NCPA - National Center for Policy Analysis


April 10, 2008

It\'s not surprising that hospital employees would be interested in the medical records of celebrities like Maria Shriver, Farrah Fawcett, Britney Spears and George Clooney.  But famous names may not be the only ones whose medical files are being snooped through, according to two medical experts.

  • Essentially, all medical records -- including the average Joe's -- are up for sale to large corporations, research facilities and drug companies, says Dr. Deborah Peel, founder and chairwoman of Patient Privacy Rights, a non-profit advocacy group in Austin, Texas.
  • By signing a Health Insurance Portability and Accountability Act (HIPPA) consent form, she says, you not only are giving your doctor and insurance company access to your medical records, but you may be giving them permission to sell your information, as well.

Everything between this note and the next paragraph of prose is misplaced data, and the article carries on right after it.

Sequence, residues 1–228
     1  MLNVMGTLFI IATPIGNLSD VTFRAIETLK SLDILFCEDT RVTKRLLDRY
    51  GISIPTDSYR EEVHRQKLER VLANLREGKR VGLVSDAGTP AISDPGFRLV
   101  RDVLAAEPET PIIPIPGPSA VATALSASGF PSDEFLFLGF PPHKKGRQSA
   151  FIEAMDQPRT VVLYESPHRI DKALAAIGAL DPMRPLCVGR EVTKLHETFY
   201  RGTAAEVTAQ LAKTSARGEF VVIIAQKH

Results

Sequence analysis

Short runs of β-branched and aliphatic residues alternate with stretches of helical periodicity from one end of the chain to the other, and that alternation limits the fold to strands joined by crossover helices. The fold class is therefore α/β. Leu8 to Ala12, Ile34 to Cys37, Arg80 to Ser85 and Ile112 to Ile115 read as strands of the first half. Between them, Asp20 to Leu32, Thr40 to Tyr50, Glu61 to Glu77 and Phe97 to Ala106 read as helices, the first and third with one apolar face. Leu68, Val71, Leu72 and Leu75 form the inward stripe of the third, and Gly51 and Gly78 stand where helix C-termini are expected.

HIPAA is both good and bad, says Devon Herrick, a senior fellow and health care economist with the National Center for Policy Analysis.

"You want to know your information is protected, but if I'm your doctor and I see another doctor who may know more about your condition, and I want to consult with him on your condition, I can't do that without your consent."

Also, many drug companies and researchers buy aggregated information so they can figure out which drugs work and which ones do not, says Herrick.

"The other aspect is commercial," he says.  "Let's say AstraZeneca wants to know about heartburn or GERD.  They want to know what you are taking, so they can sell you their drug."

Source: Jessica Ryen Doyle, "Celebrity Medical Records Hacked: Are You at Risk?" Fox News, April 9, 2008.

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